Saturday links: personal finance for engineers

The weekend is a great time to catch up on some long form items that we passed up on during the week. Thanks for checking in.

Investing

Personal finance for (Twitter) engineers. Advice from Wealthfront.  (Business Insider)

An interview with Michael Mauboussin author The Success Equation: Untangling Skill and Luck in Business, Sports, and Investing on the role of luck and skill in investing.  (Forbes also Inc.)

Morgan Housel talks with Carl Richards, author of The Behavior Gap: Simple Ways to Stop Doing Dumb Things With Your Money.  (Motley Fool)

Can Legos ever be an investment?  (Monevator)

The story of Jesse Livermore, the greatest trader who ever lived.  (Crossing Wall Street)

Finance

Some advice for young investment professionals.  (A Dash of Insight)

David Swensen does not have nice things to say about Wall Street. (Yale Daily News via @m_c_klein)

A rave review for A Giant Cow-Tipping by Savages: The Boom, Bust, and Boom Culture of M&A by John Weir Close.  (Economic Principals)

How to use the Heath brothers’ book Switch: How To Change Things When Change Is Hard to drive client behaviors.  (Nerd’s Eye View)

Economics

A dozen investors comment on the folly of macroeconomic forecasting.  (25iq)

What can we learn from the Great Depression.  (Free exchange)

John Kay recommends five books on “economics in the real world” including David Landes’ The Wealth and Poverty of Nations.  (Five Books)

Technology

What can we learn from 37 billion dollar startups launched since 2003.  (TechCrunch also A VC, Nabeel Hyatt, Version One Ventures)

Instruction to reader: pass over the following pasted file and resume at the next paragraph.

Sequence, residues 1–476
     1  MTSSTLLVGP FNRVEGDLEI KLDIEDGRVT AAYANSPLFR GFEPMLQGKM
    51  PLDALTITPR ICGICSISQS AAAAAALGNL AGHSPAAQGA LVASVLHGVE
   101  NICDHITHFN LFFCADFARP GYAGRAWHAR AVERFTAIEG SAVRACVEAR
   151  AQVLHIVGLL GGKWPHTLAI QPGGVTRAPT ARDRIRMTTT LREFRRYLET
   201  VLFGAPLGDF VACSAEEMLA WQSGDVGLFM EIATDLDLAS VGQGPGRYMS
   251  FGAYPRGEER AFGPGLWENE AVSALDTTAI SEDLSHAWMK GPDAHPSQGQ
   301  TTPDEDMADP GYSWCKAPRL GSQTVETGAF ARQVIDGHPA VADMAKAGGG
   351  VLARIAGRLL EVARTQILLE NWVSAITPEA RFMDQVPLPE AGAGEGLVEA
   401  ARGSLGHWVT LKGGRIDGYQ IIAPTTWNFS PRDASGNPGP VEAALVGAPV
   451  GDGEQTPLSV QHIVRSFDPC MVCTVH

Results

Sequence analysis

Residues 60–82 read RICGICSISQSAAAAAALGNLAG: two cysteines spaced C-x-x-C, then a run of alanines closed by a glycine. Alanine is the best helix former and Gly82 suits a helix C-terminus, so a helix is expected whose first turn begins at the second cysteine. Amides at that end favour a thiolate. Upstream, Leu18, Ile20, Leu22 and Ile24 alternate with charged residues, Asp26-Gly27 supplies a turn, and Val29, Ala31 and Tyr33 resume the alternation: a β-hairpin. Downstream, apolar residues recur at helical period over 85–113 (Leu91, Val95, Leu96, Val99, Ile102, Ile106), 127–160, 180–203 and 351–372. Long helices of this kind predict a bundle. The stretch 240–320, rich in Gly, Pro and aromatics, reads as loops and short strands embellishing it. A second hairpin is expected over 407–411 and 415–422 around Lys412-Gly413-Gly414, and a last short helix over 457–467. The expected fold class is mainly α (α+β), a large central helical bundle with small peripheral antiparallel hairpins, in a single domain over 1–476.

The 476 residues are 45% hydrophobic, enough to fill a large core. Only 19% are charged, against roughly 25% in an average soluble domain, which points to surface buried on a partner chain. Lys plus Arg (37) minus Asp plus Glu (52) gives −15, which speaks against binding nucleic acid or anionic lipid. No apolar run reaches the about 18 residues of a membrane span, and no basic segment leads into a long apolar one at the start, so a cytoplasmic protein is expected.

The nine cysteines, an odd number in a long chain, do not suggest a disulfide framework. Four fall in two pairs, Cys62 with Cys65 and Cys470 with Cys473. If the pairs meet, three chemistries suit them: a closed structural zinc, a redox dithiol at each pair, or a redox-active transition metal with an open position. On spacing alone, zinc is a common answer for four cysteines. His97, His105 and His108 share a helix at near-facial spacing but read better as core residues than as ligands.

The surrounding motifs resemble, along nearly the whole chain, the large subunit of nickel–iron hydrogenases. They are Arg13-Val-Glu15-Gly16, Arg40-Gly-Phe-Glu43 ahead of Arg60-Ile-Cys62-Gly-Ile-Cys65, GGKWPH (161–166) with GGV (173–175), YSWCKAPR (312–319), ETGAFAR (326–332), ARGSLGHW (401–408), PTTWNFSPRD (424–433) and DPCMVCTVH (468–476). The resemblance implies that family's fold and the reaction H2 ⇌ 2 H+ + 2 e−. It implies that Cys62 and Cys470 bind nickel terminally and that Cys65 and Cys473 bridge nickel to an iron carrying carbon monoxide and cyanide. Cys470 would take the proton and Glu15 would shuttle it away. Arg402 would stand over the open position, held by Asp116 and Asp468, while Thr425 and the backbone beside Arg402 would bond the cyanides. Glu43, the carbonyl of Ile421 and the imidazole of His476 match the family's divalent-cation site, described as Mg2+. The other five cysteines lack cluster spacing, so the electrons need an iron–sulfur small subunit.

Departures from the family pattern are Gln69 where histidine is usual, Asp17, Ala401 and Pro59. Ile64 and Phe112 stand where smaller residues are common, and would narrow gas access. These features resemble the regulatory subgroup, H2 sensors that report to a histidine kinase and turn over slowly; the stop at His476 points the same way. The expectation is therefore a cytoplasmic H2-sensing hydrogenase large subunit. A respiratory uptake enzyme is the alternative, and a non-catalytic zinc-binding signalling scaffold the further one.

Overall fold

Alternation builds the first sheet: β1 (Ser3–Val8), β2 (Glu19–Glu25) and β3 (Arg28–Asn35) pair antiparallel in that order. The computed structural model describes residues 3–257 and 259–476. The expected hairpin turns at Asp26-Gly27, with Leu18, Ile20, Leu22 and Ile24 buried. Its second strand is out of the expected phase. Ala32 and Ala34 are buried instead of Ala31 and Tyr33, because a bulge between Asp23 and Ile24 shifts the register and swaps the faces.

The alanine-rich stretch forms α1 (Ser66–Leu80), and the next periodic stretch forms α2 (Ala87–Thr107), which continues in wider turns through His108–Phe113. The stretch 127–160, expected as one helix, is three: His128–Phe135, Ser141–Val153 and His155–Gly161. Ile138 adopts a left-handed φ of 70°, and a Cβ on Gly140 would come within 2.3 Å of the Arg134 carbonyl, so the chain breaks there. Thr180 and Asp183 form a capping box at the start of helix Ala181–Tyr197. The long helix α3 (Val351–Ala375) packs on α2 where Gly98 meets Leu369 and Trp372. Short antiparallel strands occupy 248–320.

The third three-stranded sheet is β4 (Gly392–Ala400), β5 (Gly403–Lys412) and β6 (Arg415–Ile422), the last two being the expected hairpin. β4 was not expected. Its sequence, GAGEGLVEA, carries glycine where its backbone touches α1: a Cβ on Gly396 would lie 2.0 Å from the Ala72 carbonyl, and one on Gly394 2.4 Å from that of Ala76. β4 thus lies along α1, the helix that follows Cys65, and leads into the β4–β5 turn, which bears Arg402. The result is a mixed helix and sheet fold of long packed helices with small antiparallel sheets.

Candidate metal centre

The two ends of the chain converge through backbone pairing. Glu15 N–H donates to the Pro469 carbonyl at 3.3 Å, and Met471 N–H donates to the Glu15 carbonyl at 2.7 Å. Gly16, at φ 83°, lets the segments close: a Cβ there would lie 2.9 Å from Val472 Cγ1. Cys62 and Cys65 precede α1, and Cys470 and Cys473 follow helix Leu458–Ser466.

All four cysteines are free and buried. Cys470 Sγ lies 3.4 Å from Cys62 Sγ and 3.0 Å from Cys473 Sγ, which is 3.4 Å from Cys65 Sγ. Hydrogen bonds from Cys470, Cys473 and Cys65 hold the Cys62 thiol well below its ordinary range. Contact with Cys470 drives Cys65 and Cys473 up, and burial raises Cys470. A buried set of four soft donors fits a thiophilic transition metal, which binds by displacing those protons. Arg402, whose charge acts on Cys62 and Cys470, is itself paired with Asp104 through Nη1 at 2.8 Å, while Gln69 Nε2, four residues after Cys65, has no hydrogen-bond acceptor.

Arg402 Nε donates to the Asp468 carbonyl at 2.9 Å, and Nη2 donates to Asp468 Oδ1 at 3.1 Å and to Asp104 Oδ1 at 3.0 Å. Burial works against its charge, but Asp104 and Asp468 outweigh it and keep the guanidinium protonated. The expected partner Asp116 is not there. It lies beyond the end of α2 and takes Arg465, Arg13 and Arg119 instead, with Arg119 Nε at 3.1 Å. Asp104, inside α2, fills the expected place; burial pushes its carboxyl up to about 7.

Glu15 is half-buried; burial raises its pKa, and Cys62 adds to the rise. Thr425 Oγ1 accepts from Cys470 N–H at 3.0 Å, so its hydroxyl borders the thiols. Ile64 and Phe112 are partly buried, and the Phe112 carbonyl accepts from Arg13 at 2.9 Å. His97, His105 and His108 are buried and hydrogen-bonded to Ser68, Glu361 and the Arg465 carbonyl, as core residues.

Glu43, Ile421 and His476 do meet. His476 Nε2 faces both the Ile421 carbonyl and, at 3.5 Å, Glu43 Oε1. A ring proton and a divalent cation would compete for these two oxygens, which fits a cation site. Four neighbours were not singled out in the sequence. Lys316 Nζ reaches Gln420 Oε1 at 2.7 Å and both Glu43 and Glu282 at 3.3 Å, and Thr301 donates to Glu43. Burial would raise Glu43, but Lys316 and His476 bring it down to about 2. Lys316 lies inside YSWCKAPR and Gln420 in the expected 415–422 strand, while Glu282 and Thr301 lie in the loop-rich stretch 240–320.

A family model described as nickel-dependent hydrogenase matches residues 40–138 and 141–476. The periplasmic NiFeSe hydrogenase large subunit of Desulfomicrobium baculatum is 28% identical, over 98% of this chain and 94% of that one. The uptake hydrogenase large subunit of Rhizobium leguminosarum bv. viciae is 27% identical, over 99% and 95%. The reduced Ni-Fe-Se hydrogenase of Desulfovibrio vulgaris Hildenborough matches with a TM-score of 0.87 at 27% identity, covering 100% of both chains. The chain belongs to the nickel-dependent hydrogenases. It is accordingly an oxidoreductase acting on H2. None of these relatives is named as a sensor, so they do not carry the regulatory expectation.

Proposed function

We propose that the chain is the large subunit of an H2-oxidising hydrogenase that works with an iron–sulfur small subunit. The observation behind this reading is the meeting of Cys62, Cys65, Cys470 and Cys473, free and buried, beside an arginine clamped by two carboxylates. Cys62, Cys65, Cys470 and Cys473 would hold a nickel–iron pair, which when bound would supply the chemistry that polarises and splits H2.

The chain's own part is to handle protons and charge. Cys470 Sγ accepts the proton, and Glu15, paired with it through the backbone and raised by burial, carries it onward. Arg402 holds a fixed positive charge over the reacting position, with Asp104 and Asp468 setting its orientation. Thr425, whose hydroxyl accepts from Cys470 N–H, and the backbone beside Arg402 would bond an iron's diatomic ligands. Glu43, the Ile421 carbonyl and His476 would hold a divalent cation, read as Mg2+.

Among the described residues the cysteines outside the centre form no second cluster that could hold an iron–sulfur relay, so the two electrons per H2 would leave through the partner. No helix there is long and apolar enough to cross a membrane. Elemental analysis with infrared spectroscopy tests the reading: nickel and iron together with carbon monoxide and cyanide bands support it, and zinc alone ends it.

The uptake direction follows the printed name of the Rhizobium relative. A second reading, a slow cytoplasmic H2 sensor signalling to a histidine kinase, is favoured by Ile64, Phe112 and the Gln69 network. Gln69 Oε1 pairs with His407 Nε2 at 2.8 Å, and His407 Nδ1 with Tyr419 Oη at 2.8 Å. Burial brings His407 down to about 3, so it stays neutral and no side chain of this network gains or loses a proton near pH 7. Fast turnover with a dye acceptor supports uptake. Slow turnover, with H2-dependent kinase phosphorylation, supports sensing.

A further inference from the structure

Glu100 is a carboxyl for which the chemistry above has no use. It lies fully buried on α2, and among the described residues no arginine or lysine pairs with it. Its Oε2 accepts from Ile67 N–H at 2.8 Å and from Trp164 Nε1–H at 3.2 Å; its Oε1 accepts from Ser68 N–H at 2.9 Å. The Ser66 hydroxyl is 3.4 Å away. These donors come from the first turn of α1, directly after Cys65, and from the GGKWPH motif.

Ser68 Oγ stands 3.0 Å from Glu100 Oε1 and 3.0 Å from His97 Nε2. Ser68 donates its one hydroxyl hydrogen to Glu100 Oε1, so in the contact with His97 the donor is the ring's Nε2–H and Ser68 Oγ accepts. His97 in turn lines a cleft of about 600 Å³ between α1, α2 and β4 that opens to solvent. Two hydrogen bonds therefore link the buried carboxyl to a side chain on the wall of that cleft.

The genius of Twitter ($TWTR) is that harnesses some very basic human impulses.  (Businessweek)

Because of the use of autopilot, pilots are “forgetting how to fly.”  (The Atlantic)

Energy

Technology is disrupting the electric utility model.  (The Atlantic)

Why diesel is more expensive than gas in the US.  (Business Insider)

An excerpt from Gregory Zuckerman’s The Frackers: The Outrageous Inside Story of the New Billionaire Wildcatters.  (The Atlantic)

Food

The hunt for a better egg.  (WSJ)

The legacy of the late chef Charlie Trotter.  (NYTimes)

Sports

Why kids are losing interest in baseball.  (The Atlantic)

What would happen if baseball went to a 16-game schedule?  (Joe Posnanski via kottke)

What it is like to be a minimum wage player in Major League Soccer.  (BuzzFeed)

Entertainment

Is Amazon ($AMZN) really bad for publishers?  (Felix Salmon)

The golden age of television is now over.  (Grantland)

How the hilarious SNL parody of a Wes Anderson movie trailer was made.  (Alex Buono via @longreads)

Books

An excerpt from Happy City: Transforming Our Lives Through Urban Design, by Charles Montgomery.  (The Guardian)

How the Romans invented Facebook. A review of Tom Standage’s Writing in the Wall: Social Media the First 2,000 Years. (Washington Monthly via @thebrowser)

What can we learn from Bruce Feiler’s The Secrets of Happy Families: Improve Your Mornings, Rethink Family Dinner, Fight Smarter, Go Out and Play, and Much More.  (Farnam Street)

Earlier on Abnormal Returns

What you may have missed in our Friday linkfest.  (Abnormal Returns)

Mixed media

Is the Myers-Briggs personality test is too unstable to be predictive?  (Priceonomics Blog)

Living the life of a Millennial is awesome.  (NYTimes)

Outsourcing your way to success.  (NYTimes)

In praise of the polymath.  (Aeon)

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